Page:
My doctoral research examines nineteenth-century French drawing pedagogy and practice in relationship to various concepts of habit and habit formation. Commonly considered a menace or obstruction to free thought and creativity, numerous philosophers, art critics, historians and artists over the past 300 years understood habit as anathema to artistic production. As a result, many art historical studies have argued that the nineteenth-century avant-garde eluded artistic training to undermine the well-worn habits or the routine advocated by the Academy. Such approaches disregard the influential ideas of many prominent art pedagogues who did not find habit and creativity incompatible. My research explores how the belief that habit generated skills necessary for artistic practice and industrial design became deeply ingrained in widespread discussions about the nature and goals of art education. Rather than view repetitive drawing techniques as stifling or exhaustive of individuality, several pedagogues believed it offered new possibilities for art, architecture and design. By analyzing the systems conceived by leading thinkers, specifically philosopher Félix Ravaisson, architect Eugène Viollet-le-Duc, academician Eugène Guillaume, and artist-pedagogue Horace Lecoq de Boisbaudran, this thesis will be the first to explore how and why these men placed such an importance on cultivating habits of seeing and thinking. This study will reassess many histories of nineteenth-century art by investigating the significant implications of these men’s thoughts on the diverse artists studying under their regimes, such as Henri Fantin-Latour, James McNeill Whistler, and Marcel Duchamp.
My project is divided into five chapters that examine how the impetus for rival pedagogical models in late nineteenth-century France became habit formation. To several pedagogues, philosophers, and physicians, human nature was flexible and governed by habit. Habit was conceived of as each organ’s memory; as such, habit held a privileged status over mental and physical faculties. Because of this, art education was deployed to institute particular habits of seeing, thinking, and moving. By examining the way pedagogues understood habit as a force determining the way the mind and body interacted and functioned, my research analyzes the assumptions such programs made about the mind, hand-eye coordination, memory and muscle memory, and human volition. I argue that the emphasis on establishing modes of seeing and thinking had a significance that went beyond pedagogy: it suggested a particular way of conceiving the self and subjectivity in a rapidly modernizing France.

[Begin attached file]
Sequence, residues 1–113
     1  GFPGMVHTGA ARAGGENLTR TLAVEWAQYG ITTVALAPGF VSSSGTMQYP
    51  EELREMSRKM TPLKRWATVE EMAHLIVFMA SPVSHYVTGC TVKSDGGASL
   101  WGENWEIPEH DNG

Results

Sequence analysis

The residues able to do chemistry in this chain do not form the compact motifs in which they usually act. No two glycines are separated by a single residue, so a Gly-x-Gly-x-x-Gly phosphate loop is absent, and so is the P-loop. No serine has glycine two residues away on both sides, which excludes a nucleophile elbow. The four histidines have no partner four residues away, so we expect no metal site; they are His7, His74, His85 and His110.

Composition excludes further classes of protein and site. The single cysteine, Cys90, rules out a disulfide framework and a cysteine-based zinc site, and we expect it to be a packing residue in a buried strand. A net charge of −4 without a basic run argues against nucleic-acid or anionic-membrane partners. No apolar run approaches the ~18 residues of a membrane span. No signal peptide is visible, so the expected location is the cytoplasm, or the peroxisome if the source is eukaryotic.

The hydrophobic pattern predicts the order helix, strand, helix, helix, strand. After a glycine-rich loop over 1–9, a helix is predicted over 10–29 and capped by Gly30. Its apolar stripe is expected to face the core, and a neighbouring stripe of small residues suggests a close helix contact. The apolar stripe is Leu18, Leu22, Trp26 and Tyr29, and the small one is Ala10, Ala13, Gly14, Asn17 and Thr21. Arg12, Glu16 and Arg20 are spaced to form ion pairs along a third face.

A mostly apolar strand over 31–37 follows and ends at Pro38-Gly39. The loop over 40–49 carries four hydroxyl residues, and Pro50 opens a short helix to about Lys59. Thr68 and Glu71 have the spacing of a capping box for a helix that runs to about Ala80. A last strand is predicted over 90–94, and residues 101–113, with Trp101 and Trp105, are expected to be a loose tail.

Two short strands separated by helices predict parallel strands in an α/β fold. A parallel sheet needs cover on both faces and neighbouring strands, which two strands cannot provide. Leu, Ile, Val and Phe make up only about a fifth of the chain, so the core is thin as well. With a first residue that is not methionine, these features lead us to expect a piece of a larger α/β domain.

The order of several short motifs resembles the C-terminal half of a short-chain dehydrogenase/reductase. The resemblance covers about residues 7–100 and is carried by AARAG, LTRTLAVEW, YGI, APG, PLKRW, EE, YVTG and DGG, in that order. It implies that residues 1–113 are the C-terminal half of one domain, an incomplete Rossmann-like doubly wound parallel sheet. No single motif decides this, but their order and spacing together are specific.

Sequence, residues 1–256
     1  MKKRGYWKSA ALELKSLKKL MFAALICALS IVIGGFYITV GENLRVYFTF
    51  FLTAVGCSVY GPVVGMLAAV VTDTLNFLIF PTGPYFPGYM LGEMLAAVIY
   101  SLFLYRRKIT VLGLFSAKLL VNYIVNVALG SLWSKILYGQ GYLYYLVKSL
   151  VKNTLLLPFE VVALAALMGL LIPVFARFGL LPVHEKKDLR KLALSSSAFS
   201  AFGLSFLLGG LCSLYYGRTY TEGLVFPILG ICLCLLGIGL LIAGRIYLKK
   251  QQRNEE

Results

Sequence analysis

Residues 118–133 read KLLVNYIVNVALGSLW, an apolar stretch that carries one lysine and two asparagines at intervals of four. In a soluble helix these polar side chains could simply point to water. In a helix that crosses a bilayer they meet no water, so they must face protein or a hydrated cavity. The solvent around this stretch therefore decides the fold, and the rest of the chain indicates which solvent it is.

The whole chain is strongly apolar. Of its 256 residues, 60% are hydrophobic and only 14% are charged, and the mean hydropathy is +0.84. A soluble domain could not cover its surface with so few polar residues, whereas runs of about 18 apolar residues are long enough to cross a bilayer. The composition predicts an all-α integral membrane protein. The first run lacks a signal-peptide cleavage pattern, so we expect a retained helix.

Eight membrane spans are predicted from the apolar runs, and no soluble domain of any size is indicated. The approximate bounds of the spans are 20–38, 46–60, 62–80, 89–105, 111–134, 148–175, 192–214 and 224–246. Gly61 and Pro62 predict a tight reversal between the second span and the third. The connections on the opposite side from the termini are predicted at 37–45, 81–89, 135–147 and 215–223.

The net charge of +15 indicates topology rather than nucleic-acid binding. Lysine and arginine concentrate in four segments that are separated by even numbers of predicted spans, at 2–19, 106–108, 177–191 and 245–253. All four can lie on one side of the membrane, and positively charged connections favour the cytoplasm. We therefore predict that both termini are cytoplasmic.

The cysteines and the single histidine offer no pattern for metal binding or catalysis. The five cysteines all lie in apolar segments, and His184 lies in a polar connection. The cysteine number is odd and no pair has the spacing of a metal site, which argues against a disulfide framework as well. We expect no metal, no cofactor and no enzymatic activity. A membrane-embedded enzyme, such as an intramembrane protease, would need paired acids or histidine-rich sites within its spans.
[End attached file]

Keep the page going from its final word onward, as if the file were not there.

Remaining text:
A Media@McGill fellowship will foster a unique opportunity to direct my efforts to writing the third chapter of my dissertation titled: “From Human to Mathematical Figures: Eugène Guillaume and Geometric Drawing Exercises.” I will use half of the award to pursue three weeks of archival research in Paris, France at the Archives nationales, the Bibliothèque nationale de France, and the Archives Nationales. Following my trip to Paris, I will use the fellowship money to offset the costs of writing my dissertation in residence at McGill and will take advantage of Montreal’s large academic community interested in interdisciplinary research. Staying in residence will allow me to continue pursuing archival research at the Osler Library of the History of Medicine at McGill University. A Media@McGill fellowship, coupled with the Dr. Dimitrije Pivnicki Award in Neuro-History from the Osler Library, will allow me to continue analyzing primary resources on neurology, psychology and physiology next semester and over the summer. The collection houses materials unavailable online that are crucial to the development of original scholarly research. Resources, such as Paris Medical Theses Collection, will allow me to make connections between art pedagogues’ understanding of the mind and body, and scientists’ conceptions of subjectivity, the self, and human nature, as well as human locomotion and memory. This fellowship will allow me to move forward with my project in ways that are not possible without additional funding.
 Philosophers, such as Kant, perceived habit as a threat to self-determination and ethics. Kantian attitudes, which attached the habitual or routine to mindless, passive compulsions, came to dominate western conceptions of habit. Kant closely connected habit to the machinelike, fearing an industrialized society would manufacture dull, lifeless citizens governed by monotony.
 The negation of academic training as mere “routine” has been naturalized within nineteenth- through twenty-first-century criticism and history. For instance, in the 1855 publication The Westminster Review, a contributor remarked: “Some five-and-twenty or thirty years ago a number of young Art-students at Munich, of serious minds and enthusiastic temperament, shocked by the prosaic worldliness into which Art had sunk, and discontented with the routine of ‘academic’ painting and its results, resolved upon starting on a new course” See: “Art,” The Westminster Review 63 (January 1855), 152-3.
 These figures were all in dialogue and often at odds with each other. They set the stage for debates about the nature of art pedagogy in private art academies, design schools, and public education. Because of this, it becomes important to historicize their work in relationship to each other.